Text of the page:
I would think that given the undervalued metals markets and the seemingly over-valued and maybe frothy equities markets that now may be a great time for somebody to take you up on your investment advice to have that portfolio balancing. Am I right there?
Oh totally. I've always advocated it and the magic is to have that 10% weighting and if you're not going to go buy gold coins or GLD then you should be looking at buying estate gold jewelry. You can get great prices. I was just in New York City and you can basically get a very low markup whereas if you go buy new gold jewelry you end up paying a 400% markup. There's lots of opportunity in that secondary market and you can collect beautiful gold coins on these down days. We saw last year a lot of very smart, smart Americans were huge buyers of silver. Silver coins in the Canadian Mint had record sales. I think they sold 27 million 1-ounce coins in the U.S.
Yeah and the U.S. Mint of course set records last year once again for Silver Eagles sales as well. Yeah silver is definitely the metal of choice among the casual investor for sure.
Well Frank, what are you looking for for the remainder of the year in the gold and silver markets? Will we finally see an exhaustion of this long corrective period in metals? On top of that, what is it going to take to get the metals going again?
What it's going to take is the “love trade”. The rising GDP per capita in China and India is very important. We have huge dollar cost programs that are in China today. The World Gold Council has been extremely successful where people buy a gram of gold every month. I think 20 million was one number that I heard had signed up for this program. It's very, very correlated with their GDP per capita. So it appears that GDP per capita in China, was a pivot point last year. It surpassed the U.S. Now their GDP as a macro number is far, far behind the U.S. but on a per person basis it has been growing and we're seeing Chinese have exceptional demand. In fact, the Chinese consumed all the world's gold supply from mines last year.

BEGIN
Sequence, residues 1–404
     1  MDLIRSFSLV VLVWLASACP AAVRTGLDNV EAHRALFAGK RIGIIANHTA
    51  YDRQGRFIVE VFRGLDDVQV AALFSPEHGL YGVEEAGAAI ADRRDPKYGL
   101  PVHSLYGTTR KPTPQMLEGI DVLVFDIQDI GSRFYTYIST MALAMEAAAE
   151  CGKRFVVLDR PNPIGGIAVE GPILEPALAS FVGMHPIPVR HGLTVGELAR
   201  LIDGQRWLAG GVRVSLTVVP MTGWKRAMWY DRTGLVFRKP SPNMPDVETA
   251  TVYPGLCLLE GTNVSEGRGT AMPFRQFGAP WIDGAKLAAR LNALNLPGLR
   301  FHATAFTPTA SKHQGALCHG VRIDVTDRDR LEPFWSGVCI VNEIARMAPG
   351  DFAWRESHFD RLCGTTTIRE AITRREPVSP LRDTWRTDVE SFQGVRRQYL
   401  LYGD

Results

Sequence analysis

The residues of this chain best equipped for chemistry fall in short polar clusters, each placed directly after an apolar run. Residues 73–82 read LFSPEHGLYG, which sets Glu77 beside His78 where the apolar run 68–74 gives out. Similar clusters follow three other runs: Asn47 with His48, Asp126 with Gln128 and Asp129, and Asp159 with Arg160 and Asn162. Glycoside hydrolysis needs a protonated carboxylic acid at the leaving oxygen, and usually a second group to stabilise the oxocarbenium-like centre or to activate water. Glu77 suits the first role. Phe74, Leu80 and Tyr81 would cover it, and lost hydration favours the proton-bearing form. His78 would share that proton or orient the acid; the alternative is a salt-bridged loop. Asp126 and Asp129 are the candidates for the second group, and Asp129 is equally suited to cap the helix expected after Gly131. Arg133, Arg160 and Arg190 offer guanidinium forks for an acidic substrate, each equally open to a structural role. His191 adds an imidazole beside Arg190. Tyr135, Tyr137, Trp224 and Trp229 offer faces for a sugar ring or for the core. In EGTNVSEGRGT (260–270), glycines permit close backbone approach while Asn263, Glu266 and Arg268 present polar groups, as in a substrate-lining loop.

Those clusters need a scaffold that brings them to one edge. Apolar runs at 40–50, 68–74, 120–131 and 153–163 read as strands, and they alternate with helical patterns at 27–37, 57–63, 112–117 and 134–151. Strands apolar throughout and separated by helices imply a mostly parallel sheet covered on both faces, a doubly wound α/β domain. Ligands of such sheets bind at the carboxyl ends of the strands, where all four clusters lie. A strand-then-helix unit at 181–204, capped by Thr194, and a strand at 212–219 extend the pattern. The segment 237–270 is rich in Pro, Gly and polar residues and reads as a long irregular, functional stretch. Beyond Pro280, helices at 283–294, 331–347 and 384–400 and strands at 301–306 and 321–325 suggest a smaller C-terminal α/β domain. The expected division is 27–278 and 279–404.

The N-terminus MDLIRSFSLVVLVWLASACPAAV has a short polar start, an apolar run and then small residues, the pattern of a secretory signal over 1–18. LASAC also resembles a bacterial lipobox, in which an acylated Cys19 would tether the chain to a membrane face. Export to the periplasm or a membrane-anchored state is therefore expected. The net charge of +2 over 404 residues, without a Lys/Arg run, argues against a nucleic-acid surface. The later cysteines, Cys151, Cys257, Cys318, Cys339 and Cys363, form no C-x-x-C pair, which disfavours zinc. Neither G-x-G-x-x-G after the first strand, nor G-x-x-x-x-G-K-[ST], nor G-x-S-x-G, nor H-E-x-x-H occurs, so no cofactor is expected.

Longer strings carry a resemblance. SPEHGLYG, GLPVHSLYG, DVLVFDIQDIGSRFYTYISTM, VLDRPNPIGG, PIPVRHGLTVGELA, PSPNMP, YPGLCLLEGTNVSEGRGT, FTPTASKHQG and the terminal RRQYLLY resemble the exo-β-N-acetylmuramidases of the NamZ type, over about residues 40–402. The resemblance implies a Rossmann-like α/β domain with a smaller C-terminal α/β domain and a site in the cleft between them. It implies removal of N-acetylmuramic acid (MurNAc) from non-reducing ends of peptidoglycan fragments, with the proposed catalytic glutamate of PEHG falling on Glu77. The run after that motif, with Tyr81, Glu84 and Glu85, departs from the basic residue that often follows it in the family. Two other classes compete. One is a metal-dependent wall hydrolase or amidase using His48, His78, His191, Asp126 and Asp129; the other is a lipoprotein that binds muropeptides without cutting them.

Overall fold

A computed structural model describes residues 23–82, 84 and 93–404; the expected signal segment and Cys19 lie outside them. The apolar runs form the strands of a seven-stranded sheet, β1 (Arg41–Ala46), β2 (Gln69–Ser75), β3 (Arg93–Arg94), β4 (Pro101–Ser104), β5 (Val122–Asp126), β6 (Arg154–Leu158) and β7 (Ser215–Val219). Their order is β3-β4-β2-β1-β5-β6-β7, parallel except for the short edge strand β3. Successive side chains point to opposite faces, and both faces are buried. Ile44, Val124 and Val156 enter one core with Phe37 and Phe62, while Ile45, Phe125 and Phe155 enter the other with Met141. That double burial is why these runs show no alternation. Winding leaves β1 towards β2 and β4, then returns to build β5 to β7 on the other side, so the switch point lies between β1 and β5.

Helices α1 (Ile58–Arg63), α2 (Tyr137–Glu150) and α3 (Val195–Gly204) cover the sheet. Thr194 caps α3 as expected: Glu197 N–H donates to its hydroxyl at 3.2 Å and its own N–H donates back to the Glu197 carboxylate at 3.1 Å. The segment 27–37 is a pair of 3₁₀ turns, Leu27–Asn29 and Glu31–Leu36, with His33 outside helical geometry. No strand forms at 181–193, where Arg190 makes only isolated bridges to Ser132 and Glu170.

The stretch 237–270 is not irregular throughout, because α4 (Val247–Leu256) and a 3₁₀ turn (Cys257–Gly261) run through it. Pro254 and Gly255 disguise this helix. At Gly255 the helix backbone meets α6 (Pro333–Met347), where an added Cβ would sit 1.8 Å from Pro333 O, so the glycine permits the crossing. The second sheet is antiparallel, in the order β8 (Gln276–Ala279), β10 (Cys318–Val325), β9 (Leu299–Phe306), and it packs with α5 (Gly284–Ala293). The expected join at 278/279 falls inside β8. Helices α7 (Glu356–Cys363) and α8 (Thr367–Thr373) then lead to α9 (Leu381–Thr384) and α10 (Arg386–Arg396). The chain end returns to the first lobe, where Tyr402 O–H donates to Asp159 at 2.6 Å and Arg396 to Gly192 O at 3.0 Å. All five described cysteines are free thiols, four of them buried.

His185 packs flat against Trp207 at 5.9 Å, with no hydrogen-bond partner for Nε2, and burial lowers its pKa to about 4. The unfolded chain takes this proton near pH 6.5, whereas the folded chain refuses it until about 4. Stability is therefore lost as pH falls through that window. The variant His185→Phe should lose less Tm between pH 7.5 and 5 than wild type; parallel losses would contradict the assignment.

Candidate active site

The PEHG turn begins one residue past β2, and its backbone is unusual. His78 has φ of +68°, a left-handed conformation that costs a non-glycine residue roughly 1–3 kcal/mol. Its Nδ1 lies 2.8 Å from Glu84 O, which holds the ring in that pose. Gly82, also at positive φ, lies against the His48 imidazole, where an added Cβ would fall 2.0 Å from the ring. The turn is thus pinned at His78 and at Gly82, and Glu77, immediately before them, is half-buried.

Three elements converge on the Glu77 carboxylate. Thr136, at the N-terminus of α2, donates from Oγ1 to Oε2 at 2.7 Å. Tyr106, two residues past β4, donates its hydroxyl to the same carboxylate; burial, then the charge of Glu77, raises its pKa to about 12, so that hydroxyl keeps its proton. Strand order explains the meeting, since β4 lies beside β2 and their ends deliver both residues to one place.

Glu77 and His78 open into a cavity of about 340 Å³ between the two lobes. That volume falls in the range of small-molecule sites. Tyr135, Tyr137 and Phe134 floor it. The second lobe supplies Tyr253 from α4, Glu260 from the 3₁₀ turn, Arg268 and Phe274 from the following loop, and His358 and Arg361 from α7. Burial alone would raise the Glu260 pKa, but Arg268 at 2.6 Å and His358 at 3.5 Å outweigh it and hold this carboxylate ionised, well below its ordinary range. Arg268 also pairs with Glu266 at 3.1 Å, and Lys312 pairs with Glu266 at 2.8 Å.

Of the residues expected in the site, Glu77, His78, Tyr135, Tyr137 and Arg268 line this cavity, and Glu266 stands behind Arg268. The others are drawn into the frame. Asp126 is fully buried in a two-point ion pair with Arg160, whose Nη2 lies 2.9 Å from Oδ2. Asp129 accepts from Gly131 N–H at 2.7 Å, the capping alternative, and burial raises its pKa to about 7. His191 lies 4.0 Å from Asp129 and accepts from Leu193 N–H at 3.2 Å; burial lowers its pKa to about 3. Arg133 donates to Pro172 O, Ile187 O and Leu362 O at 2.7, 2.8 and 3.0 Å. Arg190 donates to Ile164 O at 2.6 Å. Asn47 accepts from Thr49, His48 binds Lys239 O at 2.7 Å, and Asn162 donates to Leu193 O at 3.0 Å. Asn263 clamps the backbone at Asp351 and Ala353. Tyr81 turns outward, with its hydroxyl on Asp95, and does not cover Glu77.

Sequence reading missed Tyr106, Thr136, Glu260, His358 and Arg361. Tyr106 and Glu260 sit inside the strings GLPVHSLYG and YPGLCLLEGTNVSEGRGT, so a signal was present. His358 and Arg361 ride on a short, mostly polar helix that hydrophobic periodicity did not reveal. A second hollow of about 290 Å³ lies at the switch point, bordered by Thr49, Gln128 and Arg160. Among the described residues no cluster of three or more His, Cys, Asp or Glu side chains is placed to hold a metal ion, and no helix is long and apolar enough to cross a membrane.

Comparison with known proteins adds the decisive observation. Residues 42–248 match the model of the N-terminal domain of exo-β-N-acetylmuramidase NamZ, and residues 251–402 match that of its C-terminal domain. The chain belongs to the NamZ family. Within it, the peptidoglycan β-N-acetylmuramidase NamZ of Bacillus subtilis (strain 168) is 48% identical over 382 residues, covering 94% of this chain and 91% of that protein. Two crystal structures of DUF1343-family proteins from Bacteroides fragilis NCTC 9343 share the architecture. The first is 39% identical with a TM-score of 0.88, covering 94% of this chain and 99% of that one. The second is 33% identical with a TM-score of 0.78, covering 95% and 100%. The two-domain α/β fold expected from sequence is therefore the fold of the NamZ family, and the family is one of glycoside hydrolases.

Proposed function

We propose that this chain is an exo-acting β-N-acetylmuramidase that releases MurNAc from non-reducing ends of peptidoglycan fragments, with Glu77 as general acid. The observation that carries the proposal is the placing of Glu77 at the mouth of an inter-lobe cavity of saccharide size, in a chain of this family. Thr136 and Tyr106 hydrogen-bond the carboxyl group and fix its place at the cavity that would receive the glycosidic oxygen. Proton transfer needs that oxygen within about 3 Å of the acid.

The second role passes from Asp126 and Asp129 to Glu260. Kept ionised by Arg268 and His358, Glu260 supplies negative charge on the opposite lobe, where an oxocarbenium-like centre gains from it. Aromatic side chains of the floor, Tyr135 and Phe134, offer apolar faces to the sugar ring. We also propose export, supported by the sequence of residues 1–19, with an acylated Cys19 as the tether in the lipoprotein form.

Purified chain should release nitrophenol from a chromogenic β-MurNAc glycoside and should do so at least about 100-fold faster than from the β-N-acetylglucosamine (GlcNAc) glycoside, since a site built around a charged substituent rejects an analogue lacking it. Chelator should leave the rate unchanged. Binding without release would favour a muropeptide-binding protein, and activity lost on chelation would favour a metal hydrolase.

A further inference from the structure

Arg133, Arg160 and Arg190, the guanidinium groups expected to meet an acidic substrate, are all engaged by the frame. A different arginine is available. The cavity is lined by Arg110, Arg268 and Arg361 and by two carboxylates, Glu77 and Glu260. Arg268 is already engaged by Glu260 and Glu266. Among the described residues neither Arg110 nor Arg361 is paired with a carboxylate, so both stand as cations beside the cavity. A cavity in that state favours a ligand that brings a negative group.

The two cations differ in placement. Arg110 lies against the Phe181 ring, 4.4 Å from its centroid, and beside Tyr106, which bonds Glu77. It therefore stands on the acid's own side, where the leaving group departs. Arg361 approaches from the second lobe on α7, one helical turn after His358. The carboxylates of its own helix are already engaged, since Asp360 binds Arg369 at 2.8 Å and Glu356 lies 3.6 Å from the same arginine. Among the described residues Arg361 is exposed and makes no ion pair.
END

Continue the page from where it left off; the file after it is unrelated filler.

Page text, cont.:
Then we have central banks coming in and buying. So any liquidations coming out of the GLD or any bricks of gold we're finding that are moving from the U.S., big bricks, over to Switzerland, being melted down to smaller coins and then showing up in China, going to Shanghai. The Chinese have done an interesting financial district they’ve created in Shanghai, a tax-free zone, so that they're going to become the market makers, what they call the price makers not the price takers. The London Gold Exchange is moving and I think that that's their vision.
There is a tectonic shift taking place and it's gradual. It doesn't happen all in one event overnight but I think that when we start seeing a rise in China and India with their GDP per capita rising faster than it was back in 2006 and 2007 that growth rate we'll see a big surge in that gold demand from that end. We're also seeing central banks.